The Museum of Ice Cream is entertainment — and good entertainment by the looks of it. It is not culture. It reflects but does not reflect upon the values, ideas, and practices of people.
At the first cultural conference I ever attended, Gillian Moore of the Southbank Centre spoke about her experiences in making classical music appealing to younger audiences. I had discovered classical music only recently. In Madrid, I had been going to a private jazz club where musicians regularly reinterpreted classical compositions. They taught me that music that has survived the test of time can be lively and current. Maybe, it survived the test of time because it can be reinterpreted endlessly. The music is not finished; it’s an invitation.
Moore’s story that day explained that to me. In my memory, she told us about how typically, to make classical music relevant to new audiences, we dumb it down. Concert halls program a pop group with an orchestra as a backdrop to make the music as accessible as possible. Instead, Moore urged us to stay true to the music, the composition, the art, and emphasize its open-mindedness, its participatory nature. She showed projects with artists such as Squarepusher that insisted on the currentness of the orchestra and the dynamics of classical music. Much like jazz did for me but on a much grander stage.
When done well, digital culture asks open questions. When done poorly, commercially, it creates echo chambers, bubbles, narrow-minded narratives. At best, the expressions of this culture are predictable, aimed at pleasing an algorithm rather than broadening the world for generations to come. It has become a cliche to talk about the Rijksstudio. They saw this super clearly back when Facebook still held a promise. Feel free to skip the next paragraph if you know all this already.
Rijksstudio invites, through its platform, award, and example, a new generation of creatives to reimagine Dutch masters. Much like musical scores reinterpreted with every new generation, it has turned old art into new ideas. Rijksstudio is not a digital idea — it’s a beautiful idea enlarged by digital media.
The next stage for this is when cultural organizations associate even closer with future makers. Already, cultural artifacts and stories turn up in AAA games, and concerts are played in virtual worlds, but it’s all still relatively passive. Once the collective cultural heritage and artistic expressions of the world are made available digitally to any and every human challenge worldwide, creatives can truly show the power of culture.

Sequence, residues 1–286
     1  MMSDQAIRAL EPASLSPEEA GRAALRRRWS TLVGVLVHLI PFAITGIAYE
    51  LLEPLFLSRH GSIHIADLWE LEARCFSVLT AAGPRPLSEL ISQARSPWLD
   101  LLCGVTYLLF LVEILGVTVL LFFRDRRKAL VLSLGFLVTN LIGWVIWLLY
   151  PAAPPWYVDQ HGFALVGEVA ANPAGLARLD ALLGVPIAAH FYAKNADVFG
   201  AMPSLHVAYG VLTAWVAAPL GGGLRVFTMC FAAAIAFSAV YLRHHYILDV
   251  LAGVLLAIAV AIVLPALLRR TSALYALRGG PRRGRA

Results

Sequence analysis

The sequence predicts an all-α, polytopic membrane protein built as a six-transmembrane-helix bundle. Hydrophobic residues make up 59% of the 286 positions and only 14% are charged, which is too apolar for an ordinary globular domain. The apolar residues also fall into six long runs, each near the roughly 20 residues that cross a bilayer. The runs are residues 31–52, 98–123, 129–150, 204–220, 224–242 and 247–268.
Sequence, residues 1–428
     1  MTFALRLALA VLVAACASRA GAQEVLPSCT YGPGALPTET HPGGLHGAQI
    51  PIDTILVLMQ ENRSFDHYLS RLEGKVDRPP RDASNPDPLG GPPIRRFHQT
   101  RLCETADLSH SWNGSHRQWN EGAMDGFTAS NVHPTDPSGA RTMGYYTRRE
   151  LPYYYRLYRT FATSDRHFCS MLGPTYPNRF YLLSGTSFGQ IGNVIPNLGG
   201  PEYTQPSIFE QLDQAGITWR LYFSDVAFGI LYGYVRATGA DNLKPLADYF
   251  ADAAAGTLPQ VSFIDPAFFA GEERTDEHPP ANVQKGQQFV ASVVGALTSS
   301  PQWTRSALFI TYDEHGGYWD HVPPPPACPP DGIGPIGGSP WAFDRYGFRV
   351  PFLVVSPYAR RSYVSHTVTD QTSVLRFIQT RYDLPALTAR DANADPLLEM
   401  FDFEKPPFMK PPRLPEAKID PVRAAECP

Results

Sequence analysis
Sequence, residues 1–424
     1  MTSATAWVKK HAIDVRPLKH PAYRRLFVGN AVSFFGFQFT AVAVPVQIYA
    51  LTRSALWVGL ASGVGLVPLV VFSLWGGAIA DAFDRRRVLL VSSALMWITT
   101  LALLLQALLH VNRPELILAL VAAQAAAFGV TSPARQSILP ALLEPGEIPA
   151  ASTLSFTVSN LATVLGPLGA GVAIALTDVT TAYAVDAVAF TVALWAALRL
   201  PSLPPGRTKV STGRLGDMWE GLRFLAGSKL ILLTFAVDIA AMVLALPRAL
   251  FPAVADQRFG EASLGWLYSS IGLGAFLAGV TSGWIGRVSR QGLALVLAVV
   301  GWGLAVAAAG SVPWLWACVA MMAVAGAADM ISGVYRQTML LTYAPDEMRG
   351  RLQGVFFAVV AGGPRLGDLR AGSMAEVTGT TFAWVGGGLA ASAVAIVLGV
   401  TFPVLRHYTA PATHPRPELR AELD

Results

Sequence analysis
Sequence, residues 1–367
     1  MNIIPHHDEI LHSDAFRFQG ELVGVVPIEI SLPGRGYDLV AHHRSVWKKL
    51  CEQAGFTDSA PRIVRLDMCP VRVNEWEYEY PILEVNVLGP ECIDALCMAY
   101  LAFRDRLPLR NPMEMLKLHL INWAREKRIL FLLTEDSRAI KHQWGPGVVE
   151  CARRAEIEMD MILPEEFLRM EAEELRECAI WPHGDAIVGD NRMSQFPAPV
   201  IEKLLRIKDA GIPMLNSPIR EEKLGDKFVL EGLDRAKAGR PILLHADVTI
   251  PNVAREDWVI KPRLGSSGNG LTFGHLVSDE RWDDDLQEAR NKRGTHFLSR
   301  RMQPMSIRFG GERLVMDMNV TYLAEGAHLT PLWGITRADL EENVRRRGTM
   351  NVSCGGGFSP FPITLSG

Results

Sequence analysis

The digital fault lines for culture are drawn where a dynamic, fast-paced, connected culture meets thoughtful, place-bound human organizations. What tends to happen at this fault line is that the organization tries to accelerate, cutting loose whatever is holding it back. That is not a bad practice per se. The digital world clearly shows what is holding us back: outdated power structures, narrowly educated experts, a desire to please peers and the press. Unfortunately, the cuts are often placed wrongly. Instead of copyright, careful consideration is ditched or comms silences the archivists; the media team only focuses on what gets the clicks.
I love it when a cultural organization dares to go against what online gurus claim is smart. When they dare to put expertise front and center at the expense of broad accessibility — NAC’s Explore The Symphony —, when they embark on long-term, highly ambitious projects in lieu of quick memes — Operation War Diary comes to mind —, or when they do something altogether different, not to please an existing audience, but to push forward values, ideas or practices that may inspire the future.
Thanks, as always, for reading, replying, forwarding, subscribing, etcetera. I highly appreciate the feedback you’re giving on this work. Thanks a lot.
This week has been crazy. On Friday, we tried out an art project that I developed together with and inspired by Merlijn Twaalfhoven. It was the cumulation of three months of work on top of everything else. I cannot wait to tell you more about it. For now, it mostly gave us a loooooong list of small and more significant things to improve. Also, lots of other things. As always, I will try to write about that soon, as soon as possible, soonish. Until then, stay safe, take care, see you next week!